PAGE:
Frank Pollaro, who has been making museum-quality furniture, fitted cabinetry and paneling for some of the finest homes in the United States since 1988, will give insights into his craft in a lecture and slide show entitled “A Cabinetmaker’s View of Ruhlmann” at the Beverly Hills Library Auditorium, 444 North Rexford Drive, on Saturday, May 12, at 2 p.m.
While viewed as a respected source for custom furniture in the Art Déco style of Jacques-Emile Ruhlmann, Pollaro has also paneled rooms—he recently was commissioned to sheath the walls of a bathroom in parchment (goatskin), a favored material in the 1920s and 30s—and he builds limited-edition Steinway pianos that run well into six-digit dollar amounts. His own dining tables, which he will build to an architect’s or interior designer’s specifications or design himself for a private client, start at $15,000 and go up to about $80,000 and chairs range from $3,000 to $6,000 apiece, depending on the materials and the amount of inlay and other detail.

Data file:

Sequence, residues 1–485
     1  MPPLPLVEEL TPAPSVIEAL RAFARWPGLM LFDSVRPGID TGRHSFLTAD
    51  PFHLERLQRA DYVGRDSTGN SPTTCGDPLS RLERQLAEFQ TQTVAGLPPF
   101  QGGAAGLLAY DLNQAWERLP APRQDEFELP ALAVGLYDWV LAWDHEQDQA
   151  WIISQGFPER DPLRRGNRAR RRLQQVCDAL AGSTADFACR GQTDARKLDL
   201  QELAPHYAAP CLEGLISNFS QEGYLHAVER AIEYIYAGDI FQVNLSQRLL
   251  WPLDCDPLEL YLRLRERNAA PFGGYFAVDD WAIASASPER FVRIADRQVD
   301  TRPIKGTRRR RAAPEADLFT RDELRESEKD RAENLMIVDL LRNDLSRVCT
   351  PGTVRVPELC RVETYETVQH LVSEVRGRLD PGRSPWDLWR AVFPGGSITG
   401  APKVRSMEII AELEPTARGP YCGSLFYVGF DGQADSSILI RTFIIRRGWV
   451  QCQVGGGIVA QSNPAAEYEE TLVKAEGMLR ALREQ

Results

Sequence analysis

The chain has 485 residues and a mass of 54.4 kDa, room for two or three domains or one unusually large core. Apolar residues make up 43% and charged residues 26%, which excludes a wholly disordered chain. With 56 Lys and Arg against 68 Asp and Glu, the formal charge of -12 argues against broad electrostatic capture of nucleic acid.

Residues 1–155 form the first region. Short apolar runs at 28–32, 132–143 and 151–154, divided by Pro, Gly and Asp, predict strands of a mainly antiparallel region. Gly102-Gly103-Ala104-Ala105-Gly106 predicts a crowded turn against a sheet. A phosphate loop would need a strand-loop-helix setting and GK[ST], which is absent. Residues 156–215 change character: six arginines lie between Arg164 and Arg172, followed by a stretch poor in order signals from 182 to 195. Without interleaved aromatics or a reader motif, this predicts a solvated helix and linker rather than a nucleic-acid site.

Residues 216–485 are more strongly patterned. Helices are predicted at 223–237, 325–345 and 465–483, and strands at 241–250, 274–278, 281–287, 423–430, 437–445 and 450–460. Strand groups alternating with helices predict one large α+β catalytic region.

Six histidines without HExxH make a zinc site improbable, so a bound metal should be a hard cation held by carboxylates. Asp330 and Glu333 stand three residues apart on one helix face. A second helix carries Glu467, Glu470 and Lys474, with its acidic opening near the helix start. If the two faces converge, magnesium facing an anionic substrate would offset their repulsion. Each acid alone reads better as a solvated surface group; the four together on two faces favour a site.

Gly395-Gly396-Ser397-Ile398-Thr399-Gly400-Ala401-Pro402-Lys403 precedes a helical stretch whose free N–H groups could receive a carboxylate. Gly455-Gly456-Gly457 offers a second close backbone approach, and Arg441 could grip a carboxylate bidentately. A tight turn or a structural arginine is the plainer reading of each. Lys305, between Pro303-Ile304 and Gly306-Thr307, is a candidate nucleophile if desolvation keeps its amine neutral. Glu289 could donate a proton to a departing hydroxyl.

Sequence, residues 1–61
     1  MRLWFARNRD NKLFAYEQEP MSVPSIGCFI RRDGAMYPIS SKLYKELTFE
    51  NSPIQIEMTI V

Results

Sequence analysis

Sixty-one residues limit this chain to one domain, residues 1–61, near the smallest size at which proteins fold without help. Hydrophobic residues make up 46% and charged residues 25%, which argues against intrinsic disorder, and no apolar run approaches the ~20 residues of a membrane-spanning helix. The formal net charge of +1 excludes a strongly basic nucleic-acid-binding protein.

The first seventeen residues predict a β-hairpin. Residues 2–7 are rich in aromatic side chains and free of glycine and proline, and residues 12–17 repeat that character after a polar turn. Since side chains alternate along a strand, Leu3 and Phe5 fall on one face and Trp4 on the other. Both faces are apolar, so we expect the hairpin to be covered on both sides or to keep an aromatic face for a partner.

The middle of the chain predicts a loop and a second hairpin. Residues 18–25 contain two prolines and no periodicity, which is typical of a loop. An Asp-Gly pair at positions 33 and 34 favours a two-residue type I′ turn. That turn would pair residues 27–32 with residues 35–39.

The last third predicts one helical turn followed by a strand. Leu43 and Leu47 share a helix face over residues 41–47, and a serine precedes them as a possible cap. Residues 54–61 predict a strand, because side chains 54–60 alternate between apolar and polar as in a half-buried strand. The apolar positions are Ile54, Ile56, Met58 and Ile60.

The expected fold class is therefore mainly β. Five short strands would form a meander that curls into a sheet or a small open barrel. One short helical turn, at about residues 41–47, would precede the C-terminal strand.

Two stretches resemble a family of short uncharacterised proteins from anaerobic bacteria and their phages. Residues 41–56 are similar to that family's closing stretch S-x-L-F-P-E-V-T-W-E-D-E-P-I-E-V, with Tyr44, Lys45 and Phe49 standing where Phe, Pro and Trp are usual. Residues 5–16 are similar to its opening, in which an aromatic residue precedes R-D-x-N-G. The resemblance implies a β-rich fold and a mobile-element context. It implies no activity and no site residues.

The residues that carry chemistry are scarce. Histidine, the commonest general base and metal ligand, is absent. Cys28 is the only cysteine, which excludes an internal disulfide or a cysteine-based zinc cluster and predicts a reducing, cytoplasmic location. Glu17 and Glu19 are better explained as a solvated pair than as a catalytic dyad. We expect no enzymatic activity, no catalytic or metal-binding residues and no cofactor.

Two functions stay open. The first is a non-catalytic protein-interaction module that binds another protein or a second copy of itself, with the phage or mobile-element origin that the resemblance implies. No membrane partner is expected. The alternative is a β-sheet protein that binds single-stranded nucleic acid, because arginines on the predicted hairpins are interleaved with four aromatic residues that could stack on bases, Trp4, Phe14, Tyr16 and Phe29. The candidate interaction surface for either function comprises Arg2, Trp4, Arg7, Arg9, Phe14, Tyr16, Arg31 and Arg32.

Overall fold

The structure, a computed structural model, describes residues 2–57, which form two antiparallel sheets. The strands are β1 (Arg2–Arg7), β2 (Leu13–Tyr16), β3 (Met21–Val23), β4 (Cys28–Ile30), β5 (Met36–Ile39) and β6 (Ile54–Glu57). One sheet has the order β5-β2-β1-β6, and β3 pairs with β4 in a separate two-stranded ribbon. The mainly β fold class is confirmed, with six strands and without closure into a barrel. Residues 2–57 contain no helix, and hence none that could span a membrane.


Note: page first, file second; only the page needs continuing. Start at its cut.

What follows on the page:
The furniture is produced by a highly trained staff of cabinetmakers and finishers, and the materials, particularly the veneers and inlays, are exceptional in both quality and rarity. (Veneers are thin layers of a fine wood, such as ebony or rosewood, that are applied to ordinary wood as decoration. An inlay is a piece, often a strip, of valuable wood that is fitted into a groove cut exactly to fit the size of the strip.)
“I found a company in Paris that had supplied Ruhlmann with rare wood veneers from Ceylon and other exotic places in the 1920s,” recounts Pollaro, “and I asked this very old employee if he had any satinwood crotch, which is the coveted part of a tree trunk that splits into two huge branches. He got on a ladder, climbed into very dusty rafters and pulled out some bundles of veneers with 1913 newspapers stuck to them. I paid $10,000 for a 16-inch square box full of beautiful wood, and I used some of those veneers for the console table that takes center stage in the Hotel Bel Air lobby.”